Are we emotionally attached to technology?

This series of posts will centre on Turkle’s (2017) Alone together: Why we expect more from technology and less from each other. Early chapters explore our relationship with Artificial Intelligence (AI). Marr (2019) defines AI as machines with the power to see, hear, taste, smell touch, talk… learn. Turkle argues that the relationship between people and AI is ‘vulnerable’ and carries emotional depths. Overall, establishing that AI’s sole purpose is not to be artificially intelligent but, also to carry a capacity for emotional intelligence. This emotional intelligence has developed a human attachment to AI and other smart technologies.

This post will reflect on how we have become dependant on AI technology and will explore, the shift from companionship found through machines to accepting machines as companions (Turkle, 2011 as cited in, Behr, 2011).

Facial Coding of expressions: Mona Lisa

Historically within the world of science, it has long been argued that emotional intelligence is at the core of human superiority over AI while AI has established it’s superiority over tasks involving logic and memory. Overall conjuring a perception that technology will never surpass human intelligence as quoted by philosopher and sociologist Jean Baudrillard (1976, XX):

“The sad thing about artificial intelligence is that it lacks artifice and therefore intelligence.”

However, Baudrillard’s stance on the growth of AI should be contested and it can be argued that we as humans are no longer intelligently superior, therefore, we should not disregard AI’s capacity for emotional intelligence. Throughout history, there has been constant representation of AI across multiple platforms such as art, media and literature. One of the earliest affirmations of AI was in a series of paintings by Guiseppe Arcimboldo (1566) titled The Four Elements. In Fire [Below, left] Acrimboldo uses a collection of found objects involving contemporary technology such as oil lamps, muskets and cannons. To create a profile of a cyborg figure, it is the earliest incarnation of the cyborg overall, indicating that even within renaissance Europe there was a profound interest within technology and its relevance to humankind. Potentially providing foresight into the relationship between humans and technology and the growth of AI.

A more contemporary example would be Masamune Shirow’s Ghost in the Shell (1989–1996) [Below, centre] it is a multi-platform series which originated within a manga comic led by the protagonist Motoko Kusanagi. She is a ‘Cyborg’ with full-body prosthesis meaning she has the biological sex attributes of a female but is comprised of machinery. This popular series has managed to attribute emotional intelligence within the character as she forms attachments and relationships throughout the series.

Examples of Art, Media and Literature discussing the concept of the ‘Cyborg’ and ‘AI’

While the earlier two examples affirm the societal interest of AI, Yuval Noah Harari’s (2018) Homo Deus: a brief history of tomorrow conceptualises that humans and AI are essentially comprised of the same parts. Arguing that humans are a collection of algorithms but biologically founded not synthetically. This similarity between humans and AI justifies that there is no reason to think that non-organic algorithms such as those found in AI are incapable of surpassing human intelligence and our capacity for emotional intelligence.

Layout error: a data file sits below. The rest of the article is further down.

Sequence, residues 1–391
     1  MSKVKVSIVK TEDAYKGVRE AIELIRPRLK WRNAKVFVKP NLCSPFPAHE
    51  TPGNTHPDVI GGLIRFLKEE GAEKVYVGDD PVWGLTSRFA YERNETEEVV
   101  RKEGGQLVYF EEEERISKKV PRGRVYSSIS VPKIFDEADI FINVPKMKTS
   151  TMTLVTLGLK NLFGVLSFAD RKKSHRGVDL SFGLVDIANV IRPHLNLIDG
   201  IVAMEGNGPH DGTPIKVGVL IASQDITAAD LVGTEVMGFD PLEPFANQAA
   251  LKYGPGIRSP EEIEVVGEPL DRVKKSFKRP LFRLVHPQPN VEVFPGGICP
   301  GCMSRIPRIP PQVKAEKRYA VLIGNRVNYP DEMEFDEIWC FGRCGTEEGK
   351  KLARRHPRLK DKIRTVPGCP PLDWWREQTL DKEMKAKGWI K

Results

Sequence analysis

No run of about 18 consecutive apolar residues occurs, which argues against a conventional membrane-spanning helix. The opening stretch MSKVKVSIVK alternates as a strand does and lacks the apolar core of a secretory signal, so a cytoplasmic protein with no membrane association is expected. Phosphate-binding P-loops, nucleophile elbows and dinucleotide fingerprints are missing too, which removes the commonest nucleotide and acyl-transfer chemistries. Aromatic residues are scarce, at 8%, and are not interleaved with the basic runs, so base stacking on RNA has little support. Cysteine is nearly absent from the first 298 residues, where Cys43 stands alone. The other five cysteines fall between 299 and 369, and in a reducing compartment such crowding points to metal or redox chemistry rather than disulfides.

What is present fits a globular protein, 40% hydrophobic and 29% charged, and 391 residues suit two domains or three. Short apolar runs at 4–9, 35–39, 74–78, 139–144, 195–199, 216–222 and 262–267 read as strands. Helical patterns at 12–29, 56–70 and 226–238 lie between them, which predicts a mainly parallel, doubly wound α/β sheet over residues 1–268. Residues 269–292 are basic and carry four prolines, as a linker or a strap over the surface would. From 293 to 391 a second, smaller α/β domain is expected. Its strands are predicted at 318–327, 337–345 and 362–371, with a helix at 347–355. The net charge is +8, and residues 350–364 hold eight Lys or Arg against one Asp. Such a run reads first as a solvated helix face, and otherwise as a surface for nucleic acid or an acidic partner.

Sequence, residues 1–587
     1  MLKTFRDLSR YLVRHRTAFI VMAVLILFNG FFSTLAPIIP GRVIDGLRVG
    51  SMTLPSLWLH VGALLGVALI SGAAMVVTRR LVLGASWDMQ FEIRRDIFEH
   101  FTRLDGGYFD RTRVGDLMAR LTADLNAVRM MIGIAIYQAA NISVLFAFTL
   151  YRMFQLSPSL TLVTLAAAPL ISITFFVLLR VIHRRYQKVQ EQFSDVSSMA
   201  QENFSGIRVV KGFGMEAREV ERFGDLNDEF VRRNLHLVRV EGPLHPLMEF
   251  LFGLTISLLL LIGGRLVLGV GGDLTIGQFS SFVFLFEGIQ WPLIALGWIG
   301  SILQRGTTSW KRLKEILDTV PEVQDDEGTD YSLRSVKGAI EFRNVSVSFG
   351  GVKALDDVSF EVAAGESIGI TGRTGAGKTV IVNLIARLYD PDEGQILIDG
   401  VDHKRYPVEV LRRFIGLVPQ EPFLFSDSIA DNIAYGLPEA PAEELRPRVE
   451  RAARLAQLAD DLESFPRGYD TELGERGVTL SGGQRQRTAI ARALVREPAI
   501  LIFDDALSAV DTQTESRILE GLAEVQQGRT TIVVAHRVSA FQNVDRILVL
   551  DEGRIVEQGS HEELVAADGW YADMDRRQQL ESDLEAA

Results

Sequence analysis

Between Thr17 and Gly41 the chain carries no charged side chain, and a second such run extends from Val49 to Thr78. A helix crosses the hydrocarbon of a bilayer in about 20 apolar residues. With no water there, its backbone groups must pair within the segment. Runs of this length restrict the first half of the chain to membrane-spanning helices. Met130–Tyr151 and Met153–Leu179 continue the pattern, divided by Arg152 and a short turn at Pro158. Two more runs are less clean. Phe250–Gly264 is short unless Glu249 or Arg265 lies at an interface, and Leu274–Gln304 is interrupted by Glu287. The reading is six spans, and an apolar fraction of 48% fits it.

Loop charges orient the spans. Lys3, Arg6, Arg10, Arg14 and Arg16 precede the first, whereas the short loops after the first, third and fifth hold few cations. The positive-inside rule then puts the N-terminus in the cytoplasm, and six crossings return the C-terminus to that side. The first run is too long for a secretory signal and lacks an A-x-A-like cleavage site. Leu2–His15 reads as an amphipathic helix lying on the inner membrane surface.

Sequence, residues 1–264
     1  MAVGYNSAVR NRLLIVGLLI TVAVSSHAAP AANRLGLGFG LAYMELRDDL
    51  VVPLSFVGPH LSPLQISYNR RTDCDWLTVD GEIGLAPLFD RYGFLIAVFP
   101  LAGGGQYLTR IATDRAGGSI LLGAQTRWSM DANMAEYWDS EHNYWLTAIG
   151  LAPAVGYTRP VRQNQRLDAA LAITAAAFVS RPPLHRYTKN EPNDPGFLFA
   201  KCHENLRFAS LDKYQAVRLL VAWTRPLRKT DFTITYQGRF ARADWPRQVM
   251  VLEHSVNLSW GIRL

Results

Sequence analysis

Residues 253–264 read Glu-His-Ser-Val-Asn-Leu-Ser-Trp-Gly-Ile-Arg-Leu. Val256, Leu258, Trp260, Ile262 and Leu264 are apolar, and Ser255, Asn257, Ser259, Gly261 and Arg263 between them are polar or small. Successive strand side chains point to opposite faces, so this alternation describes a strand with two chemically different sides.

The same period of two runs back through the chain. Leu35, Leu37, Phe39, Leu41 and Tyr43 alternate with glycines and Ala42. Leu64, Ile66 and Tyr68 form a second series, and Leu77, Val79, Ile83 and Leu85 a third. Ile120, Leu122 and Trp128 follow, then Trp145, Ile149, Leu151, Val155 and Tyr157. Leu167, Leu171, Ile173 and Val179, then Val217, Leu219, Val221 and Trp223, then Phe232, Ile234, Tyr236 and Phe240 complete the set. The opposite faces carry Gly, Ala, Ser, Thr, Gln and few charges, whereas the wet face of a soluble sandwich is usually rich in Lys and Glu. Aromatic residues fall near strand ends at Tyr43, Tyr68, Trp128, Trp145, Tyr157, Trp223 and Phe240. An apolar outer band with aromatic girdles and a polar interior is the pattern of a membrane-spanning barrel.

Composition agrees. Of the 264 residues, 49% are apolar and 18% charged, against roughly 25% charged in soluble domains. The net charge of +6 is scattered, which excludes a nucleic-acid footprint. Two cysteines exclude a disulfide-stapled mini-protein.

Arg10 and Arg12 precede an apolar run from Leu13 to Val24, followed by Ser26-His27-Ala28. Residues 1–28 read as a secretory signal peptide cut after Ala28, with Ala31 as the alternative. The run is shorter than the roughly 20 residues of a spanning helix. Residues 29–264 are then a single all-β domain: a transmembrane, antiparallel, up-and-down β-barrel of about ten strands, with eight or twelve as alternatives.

Therefore, applying Turkle’s consideration of ‘Vulnerability’ it highlights how we have become dependant on technology to control our own emotions and our life decisions. This has recently been played out in the media with the Black Mirror episode ‘Rachel, Jack and Ashley Too’ (Brooker & Sewitsky, 2019) where one of the characters confides in a robot as she struggles to socially adjust at school. This conjures Turkle’s idea that we are supplementing ‘real-life’ interactions with technology.

This can also be witnessed with the rise of smart technology and the ‘internet of things’ our phones, TV’s, Fridges, Cars etc… now have access to send and receive data.

Should we be concerned by our growing attachment with technology? Or should we continue to embrace AI and other smart technologies and see them as a method of coping with social isolation?

References

Arcimboldo.G. (1566). The Four Elements-Fire [Oil Painting]. Location not disclosed.

Baudrillard, J. (1976). Symbolic Exchange and Death Taken from: The Order of Simulacra (1993) London: Sage.

Behr, R. (2011). Alone Together: Why We Expect More from Technology and Less from Each Other by Sherry Turkle — review. The Guardian. Retrieved from: https://www.theguardian.com/books/2011/jan/30/alone-together-sherry-turkle-review. [Accessed 30th December 2019].

Brooker, C. (Writer), & Sewitsky, A. (Director). (2019). Rachel, Jack and Ashley Too [Television series episode]. In A. Jones., & C. Brooker (Producers), Black Mirror. Los Gatos, CA: Netflix.

Harari, Y. N. (2018). Homo Deus: a brief history of tomorrow. New York, NY: Harper Perennial.

Marr, B. (2019). Artificial Intelligence in Practice: How 50 Successful Companies used AI and Machine Learning to Solve Problems. Chichester: Wiley.

Shirow, M., Schodt, F. L., Smith, T., & Paul, S. (1989). The ghost in the shell, vol. 1. New York: Kodansha Comics.

Turkle, S. (2011). Alone together: Why we expect more from technology and less from each other (1st ed.). New York: Basic Books.

Turkle, S. (2017). Alone together: Why we expect more from technology and less from each other (3rd ed.). New York: Basic Books.

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